Human performance in immersive virtual environments: Effects of exposure duration, user control, and scene complexity
Abbreviated Journal Title
MOTION SICKNESS; DISPLAY; SENSE; PITCH; YAW; Psychology, Applied
This study examined human performance on a set of basic tasks representative of human interaction in most virtual environment (VE) systems. The effects of user movement control, exposure duration, and scene complexity on human performance, presence, and sickness were evaluated. The results suggest that to enhance human performance in VEs, providing users with complete control allows for effective performance on both stationary tasks and those requiring head movement only. With tasks involving both head and body movement, however, user movement control should be streamlined to enhance performance and reduce sickness. Presence was found to increase with improved performance; therefore, it may be beneficial to promote presence in VE systems. However, because presence did not increase with prolonged exposure, whereas sickness did, if exposure duration is used as a tool for enhancing presence while decreasing sickness, shorter exposures may prove effective.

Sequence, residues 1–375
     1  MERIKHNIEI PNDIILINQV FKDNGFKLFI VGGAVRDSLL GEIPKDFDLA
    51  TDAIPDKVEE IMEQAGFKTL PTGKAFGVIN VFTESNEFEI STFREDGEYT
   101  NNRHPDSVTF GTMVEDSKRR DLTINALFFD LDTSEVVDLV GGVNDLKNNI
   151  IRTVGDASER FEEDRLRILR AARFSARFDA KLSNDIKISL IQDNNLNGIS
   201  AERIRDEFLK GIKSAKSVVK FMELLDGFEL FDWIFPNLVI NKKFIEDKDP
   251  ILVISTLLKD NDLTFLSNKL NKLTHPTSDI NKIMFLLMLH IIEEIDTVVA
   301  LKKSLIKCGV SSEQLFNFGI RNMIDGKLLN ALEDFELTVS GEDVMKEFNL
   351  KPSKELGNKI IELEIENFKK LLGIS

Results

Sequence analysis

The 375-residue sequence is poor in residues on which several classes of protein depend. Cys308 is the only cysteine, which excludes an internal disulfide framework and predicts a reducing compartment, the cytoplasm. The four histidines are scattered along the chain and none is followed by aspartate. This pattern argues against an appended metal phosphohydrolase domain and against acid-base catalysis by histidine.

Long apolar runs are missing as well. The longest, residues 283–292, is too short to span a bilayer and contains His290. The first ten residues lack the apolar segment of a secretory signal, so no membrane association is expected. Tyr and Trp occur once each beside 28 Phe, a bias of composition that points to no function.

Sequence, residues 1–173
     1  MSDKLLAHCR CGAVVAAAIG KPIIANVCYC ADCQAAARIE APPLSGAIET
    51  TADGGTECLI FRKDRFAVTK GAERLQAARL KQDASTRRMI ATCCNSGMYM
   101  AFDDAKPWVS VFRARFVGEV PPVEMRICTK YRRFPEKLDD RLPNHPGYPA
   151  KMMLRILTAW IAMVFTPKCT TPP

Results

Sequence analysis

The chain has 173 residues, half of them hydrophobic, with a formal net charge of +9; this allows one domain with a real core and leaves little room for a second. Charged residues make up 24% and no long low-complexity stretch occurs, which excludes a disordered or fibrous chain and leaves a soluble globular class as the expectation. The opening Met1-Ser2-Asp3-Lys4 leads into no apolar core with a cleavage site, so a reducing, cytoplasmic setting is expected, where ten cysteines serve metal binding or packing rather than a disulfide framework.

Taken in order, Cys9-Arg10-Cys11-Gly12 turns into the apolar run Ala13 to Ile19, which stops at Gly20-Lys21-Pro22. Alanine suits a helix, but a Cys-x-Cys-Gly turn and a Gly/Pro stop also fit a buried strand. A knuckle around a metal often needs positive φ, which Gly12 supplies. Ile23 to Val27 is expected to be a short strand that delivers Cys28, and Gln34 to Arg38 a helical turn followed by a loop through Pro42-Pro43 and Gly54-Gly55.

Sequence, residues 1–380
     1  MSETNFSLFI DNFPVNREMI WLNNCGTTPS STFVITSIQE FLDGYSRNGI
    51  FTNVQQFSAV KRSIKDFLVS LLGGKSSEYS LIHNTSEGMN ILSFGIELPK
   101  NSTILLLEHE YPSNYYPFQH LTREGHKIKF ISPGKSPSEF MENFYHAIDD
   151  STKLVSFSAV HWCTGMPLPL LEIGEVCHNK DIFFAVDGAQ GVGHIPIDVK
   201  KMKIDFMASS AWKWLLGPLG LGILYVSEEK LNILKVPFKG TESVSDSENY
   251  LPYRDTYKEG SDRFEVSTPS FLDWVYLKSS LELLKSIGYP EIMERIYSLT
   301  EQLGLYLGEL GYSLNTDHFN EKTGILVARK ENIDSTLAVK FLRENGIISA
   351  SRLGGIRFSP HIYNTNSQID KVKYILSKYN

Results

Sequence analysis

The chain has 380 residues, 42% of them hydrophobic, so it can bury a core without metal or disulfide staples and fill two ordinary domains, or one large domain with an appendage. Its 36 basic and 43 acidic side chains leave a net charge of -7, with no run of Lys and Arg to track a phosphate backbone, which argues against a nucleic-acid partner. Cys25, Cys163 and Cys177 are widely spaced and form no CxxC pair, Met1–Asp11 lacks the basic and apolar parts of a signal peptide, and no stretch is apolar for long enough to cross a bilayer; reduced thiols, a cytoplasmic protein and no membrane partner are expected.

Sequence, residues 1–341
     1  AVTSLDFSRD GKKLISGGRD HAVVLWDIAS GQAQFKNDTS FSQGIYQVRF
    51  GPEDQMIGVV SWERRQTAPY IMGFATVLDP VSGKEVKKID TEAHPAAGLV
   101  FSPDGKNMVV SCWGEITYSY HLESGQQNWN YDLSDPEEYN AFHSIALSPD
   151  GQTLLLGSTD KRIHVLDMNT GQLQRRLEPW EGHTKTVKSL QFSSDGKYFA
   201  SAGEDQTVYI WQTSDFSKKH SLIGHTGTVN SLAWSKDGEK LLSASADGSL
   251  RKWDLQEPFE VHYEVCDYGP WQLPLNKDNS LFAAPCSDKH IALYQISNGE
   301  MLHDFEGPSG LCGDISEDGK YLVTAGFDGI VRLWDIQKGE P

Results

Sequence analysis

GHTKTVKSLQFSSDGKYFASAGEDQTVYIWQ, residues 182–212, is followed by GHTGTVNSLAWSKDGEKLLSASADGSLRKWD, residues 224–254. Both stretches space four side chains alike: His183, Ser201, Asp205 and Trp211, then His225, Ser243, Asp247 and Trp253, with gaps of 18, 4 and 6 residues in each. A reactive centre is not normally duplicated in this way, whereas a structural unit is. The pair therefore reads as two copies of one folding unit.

"Human performance in immersive virtual environments: Effects of exposure duration, user control, and scene complexity" (2002). Faculty Bibliography 2000s. 3488.